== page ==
Which MEC Reloader Should You Buy?
The Conventional Wisdom is Wrong
It goes like this: When you start reloading, you’re likely to screw up a lot. So buy a single-stage machine that you can concentrate on reloading one shell at a time. After a few thousand shells, then move up to a MEC Grabber, which is the progressive reloader. Now you will be reloading six shells at a time. With every stroke of the handle, you are starting one shell and finishing one.
The usual advice then says that only after you’ve used a Grabber for a long time should you step up to the MEC 9000. It is a Grabber, but with an auto-advance feature that saves you the effort of hand-advancing the shell carrier and hand-removing the finished shell after each stroke. Finally, the conventional wisdom says, forget the hydraulic version of the 9000; it’s fast, automatic operation will mess up more shells than it properly reloads.
Make Your First Reloader Do Triple Duty
Here’s how to save time and frustration: Your first reloader should be a MEC 9000. Why? First, you can reload a single shell at a time with the machine, just as you would with a single-stage model. You simply don’t put more than one shell in the machine at any one time, and disengage the primer spring. You can practice one-shell-at-a-time until your arm falls off or you’re extremely good at it, whichever comes first. You can shorten the time you spend on single-stage reloading by learning all the concepts on this site.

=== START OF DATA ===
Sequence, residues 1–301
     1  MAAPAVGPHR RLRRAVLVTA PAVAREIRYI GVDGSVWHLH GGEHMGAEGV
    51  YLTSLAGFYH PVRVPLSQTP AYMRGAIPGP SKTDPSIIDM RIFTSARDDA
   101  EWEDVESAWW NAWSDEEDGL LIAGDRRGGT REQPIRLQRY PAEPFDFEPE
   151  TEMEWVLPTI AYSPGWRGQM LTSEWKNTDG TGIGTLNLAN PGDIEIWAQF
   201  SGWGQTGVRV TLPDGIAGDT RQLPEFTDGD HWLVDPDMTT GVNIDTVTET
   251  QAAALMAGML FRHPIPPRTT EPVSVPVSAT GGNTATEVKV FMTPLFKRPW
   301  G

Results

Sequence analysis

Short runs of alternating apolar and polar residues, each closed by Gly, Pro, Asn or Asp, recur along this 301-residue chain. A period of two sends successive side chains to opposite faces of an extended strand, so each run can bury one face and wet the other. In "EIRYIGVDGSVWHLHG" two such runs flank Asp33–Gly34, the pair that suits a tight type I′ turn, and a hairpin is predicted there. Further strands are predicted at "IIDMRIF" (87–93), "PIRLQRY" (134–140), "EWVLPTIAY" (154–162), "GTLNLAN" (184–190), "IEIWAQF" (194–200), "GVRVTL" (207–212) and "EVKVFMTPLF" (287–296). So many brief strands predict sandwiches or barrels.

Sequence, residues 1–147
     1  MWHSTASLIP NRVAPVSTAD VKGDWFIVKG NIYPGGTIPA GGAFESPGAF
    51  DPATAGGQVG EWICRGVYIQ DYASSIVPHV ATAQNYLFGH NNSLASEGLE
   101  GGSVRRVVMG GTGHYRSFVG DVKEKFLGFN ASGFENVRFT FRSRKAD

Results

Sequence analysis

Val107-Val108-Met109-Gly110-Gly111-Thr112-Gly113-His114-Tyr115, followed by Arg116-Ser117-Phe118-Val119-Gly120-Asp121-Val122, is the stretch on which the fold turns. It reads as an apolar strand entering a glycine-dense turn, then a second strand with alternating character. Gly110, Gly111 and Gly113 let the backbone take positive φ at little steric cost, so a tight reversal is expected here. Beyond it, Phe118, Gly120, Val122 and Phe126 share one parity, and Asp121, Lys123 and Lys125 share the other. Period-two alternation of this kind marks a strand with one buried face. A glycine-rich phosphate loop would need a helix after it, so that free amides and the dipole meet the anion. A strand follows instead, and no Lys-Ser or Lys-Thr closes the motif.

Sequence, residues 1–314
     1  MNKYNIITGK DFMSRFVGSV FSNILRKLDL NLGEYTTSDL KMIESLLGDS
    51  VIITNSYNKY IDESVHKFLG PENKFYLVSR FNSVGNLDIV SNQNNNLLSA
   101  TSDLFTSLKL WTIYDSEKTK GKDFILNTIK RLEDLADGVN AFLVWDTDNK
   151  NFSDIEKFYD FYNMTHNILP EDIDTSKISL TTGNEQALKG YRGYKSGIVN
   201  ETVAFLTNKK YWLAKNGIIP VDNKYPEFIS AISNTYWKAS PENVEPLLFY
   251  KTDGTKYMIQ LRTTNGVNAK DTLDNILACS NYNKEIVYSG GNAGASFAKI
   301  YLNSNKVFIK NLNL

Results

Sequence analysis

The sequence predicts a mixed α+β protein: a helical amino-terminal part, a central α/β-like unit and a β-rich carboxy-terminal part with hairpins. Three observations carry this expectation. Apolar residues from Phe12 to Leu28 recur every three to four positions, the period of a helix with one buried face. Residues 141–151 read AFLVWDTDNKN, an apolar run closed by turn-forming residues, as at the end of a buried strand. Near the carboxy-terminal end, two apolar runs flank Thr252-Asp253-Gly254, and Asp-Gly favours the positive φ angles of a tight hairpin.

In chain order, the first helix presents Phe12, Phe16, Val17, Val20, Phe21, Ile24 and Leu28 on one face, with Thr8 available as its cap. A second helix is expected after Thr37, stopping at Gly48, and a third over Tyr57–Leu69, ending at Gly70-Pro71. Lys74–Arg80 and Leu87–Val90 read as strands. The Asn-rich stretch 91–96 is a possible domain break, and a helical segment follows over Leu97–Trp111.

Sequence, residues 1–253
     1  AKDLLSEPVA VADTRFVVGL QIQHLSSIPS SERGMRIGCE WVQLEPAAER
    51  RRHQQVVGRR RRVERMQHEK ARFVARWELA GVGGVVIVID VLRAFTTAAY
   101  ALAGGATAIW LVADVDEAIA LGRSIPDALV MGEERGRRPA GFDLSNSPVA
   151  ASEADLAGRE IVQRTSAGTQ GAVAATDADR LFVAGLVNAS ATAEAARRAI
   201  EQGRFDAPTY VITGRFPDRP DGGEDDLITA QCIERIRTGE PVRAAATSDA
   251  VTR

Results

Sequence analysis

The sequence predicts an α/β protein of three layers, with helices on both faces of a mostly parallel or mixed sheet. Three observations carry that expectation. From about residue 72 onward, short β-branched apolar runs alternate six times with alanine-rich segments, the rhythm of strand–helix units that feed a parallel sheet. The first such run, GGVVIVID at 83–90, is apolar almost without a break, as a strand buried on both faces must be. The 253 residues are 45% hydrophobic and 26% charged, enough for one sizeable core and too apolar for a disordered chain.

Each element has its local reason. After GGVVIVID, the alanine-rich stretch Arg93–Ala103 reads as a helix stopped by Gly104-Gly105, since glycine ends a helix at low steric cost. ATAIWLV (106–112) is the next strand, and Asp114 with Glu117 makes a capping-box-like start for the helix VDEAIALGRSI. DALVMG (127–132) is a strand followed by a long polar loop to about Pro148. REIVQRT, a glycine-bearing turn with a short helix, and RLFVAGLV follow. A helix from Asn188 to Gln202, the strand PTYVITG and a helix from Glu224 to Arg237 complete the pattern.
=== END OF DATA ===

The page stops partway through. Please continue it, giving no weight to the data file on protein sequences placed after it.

Then, when you are ready, you can have a free and instant upgrade of your “single stage” reloader into a Grabber look-alike by filling up each station in the shell carrier, but by disconnecting the auto-advance feature until you’re comfortable with six things going on at once. Reload in the Grabber mode until your other arm falls off, if you want.
Only after you’re comfortable with the reloader as a single-stage and then as a progressive Grabber do you need to hook it all up and run the 9000 at full throttle, with auto advance.
Two Exceptions to My Advice
1. If Uncle Milty left you another model in his will, then the price is right and you should use it.
2. If you’re mainly a hunter, you may think that a good day is firing a couple of boxes and bagging 20 birds. Why bother with high volume. It’s when you shoot many thousands of clay targets year-round that you really need the 9000.
Should You Buy Hydraulic?
If your money makes third-degree burns in your wallet, then buy one up-front. But it’s a big price jump to go hydraulic. So don’t bother with the investment initially. When you decide to go for that 10,000 target-in-one-season award, you’ll probably find a buyer for your old MECs and can upgrade.